Tag Archives: India-China relations
30 Mar








India China bilateral trade and India’s Fiscal Problem

22 Mar



The first decade of 21st century witnessed rapprochement of India China relations which were stagnant since the Sino-Indian war 1962. Bi-lateral trade between the two nations became  the main driving force towards normalisation of relations. Since 2000 there is steep rise in bilateral trade and is expected to reach US $ 100 billion in 2015. But the increasing lopsided balance of trade in China’s favour has become a source of anguish in Indian policy circles, and has played an important role in increasing India’s balance of payment woes. This year the trade deficit increased a record high to US dollar 29 billion despite of 12% fall in bi-lateral trade compared to last year. In this article I have made an attempt to understand the cause of trade deficit, its implication on India’s economy and what India should do to create a better balance.

Trade and economic relations

India and China officially resumed trade in 1978 and in 1984, the two sides signed the Most Favoured Nation (MFN) Agreement. From 1992 both nations began active bilateral trade which made satisfactory progress by 1994.In the same year both countries signed a Double Taxation Avoidance Agreement and the prevention of fiscal evasion with respect to tax on income. In three years from 1999-2000 to 2002-03, India’s export to China increased at an average of 50.2% per year, and imports from China at 26.6% per year. Further by deciding to offer some trade benefits to each other both countries signed the Bangkok Agreement in 2003. According to the Agreement, China extended concessions on 217 products from India while India offered concessions on 188 products exported by China. After this deal India-China bilateral trade got a boost and it surpassed US $ 10 billion in 2004, China became India’s largest trading partner by 2008, and in 2010 both proposed to achieve US $ 100 billion by 2015 as a result by 2011-12 the trade between both countries reached 73.9 billion.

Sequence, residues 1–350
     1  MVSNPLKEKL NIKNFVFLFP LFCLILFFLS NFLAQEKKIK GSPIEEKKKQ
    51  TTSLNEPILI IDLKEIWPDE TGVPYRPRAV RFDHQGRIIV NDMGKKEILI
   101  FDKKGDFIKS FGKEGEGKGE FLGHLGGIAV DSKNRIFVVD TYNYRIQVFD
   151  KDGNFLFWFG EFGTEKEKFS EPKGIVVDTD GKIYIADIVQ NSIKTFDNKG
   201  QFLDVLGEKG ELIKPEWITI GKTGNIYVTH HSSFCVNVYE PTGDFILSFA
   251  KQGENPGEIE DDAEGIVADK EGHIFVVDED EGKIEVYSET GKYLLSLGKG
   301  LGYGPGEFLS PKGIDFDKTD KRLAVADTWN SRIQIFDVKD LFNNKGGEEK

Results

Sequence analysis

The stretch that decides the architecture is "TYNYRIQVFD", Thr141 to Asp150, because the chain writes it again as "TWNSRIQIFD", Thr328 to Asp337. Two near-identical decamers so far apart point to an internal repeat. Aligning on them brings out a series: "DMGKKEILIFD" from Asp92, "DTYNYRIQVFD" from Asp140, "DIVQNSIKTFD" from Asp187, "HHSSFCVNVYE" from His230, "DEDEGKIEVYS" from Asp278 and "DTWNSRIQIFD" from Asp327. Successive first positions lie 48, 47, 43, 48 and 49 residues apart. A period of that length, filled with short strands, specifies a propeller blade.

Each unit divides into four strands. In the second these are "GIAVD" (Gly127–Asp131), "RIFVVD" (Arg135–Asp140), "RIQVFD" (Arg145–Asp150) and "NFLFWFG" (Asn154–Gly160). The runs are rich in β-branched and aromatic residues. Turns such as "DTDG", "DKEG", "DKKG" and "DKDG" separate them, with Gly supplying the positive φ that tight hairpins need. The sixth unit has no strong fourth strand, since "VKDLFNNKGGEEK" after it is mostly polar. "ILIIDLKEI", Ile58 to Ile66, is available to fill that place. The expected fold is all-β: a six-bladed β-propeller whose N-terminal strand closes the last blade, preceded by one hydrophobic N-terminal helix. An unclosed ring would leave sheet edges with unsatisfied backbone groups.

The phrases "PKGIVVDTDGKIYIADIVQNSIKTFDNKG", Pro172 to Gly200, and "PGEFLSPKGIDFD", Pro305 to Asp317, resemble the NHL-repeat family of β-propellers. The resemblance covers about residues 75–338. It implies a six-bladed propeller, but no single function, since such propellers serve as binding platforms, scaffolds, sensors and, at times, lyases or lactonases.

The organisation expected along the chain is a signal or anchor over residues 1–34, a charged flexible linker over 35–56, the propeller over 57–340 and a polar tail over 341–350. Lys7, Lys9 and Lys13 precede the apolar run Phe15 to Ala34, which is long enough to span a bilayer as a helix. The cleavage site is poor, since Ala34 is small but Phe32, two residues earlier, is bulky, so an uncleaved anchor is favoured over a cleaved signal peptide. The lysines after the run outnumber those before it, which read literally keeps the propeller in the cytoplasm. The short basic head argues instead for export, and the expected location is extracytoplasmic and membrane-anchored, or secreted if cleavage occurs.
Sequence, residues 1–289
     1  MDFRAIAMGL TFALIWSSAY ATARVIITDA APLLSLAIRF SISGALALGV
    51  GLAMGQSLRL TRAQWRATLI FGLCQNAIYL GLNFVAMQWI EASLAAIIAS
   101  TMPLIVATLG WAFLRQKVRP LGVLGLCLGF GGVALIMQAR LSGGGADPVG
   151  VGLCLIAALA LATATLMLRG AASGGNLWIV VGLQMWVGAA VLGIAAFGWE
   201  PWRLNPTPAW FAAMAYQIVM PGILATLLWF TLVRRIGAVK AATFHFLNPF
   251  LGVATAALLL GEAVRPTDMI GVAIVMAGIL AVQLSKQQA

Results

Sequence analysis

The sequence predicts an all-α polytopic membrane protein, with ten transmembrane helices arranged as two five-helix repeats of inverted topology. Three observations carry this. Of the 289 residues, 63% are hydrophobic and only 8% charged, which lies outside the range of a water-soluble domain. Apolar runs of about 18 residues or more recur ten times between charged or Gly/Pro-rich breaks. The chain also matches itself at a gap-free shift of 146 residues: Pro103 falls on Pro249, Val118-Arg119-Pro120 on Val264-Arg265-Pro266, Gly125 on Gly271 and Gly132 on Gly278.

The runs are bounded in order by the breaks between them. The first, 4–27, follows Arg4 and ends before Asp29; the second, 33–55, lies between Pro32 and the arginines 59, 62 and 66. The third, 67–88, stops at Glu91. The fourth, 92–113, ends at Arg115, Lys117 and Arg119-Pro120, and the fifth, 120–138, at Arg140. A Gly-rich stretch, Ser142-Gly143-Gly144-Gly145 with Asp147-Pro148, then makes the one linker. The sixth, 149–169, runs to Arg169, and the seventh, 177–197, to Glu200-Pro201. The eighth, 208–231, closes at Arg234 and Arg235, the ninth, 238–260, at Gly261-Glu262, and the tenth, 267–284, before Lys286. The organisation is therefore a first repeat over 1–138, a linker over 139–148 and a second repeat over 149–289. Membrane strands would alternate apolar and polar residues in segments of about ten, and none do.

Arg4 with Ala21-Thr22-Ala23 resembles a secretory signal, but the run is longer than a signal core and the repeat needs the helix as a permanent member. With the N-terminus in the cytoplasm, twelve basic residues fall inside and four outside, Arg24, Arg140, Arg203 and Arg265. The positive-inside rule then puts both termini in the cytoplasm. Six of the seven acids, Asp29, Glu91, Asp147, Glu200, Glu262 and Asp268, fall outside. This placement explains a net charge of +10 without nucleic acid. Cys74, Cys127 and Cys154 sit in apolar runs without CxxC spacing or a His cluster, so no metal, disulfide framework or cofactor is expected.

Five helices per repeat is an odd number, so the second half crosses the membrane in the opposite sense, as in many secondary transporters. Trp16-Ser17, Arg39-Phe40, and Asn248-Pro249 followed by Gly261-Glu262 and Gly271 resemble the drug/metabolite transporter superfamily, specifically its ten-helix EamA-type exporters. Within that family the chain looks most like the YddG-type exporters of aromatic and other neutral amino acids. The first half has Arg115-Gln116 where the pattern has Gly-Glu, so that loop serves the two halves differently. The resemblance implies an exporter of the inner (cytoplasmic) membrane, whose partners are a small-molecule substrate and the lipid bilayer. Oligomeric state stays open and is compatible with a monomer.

The flip side is that much of the trade has been in China’s favour, leaving India with a deficit of $27 billion in 2011-12 and this year it reached US $ 29 billion despite 12 % fall in bilateral trade. For every $100 item that India sells to China, It buys back goods worth $320.


Source:        http://online.wsj.com/article/SB10000872396390443687504577563542149677000.html

As shown in the above figure India’s export to China mainly consist of raw materials, whereas China’s export consists of manufactured and value added goods. Though India has urged Chinese government to better the lopsided bilateral trade nothing much has happened. It is not easy for Indian goods to enter China and the most restrained are the Indian pharmaceutical products which find it difficult to reach the Chinese market.  According to Som Mittal, President, Nasscom (a trade association) Indian companies struggle in China due to non-tariff barriers such as requirements to obtain security clearances before doing business with government backed companies.

On one side Indian firms and value added goods are restricted from entering China and on the other hand Chinese manufactured goods are invading Indian markets this has adversely affected growth of manufacturing Industry in India. The image below shows the adverse affect of this bilateral trade on Indian economy.


Source: http://www.rediff.com/business/Union-Budget-2012-13/slideshows

Indian manufactures are unable to compete with cheap Chinese goods. The main problem is that China doesn’t have any strong Intellectual property rights laws. As a result whenever a new product is launched in international market Chinese firms are ready with their cheap replicas which look more or less similar to the original.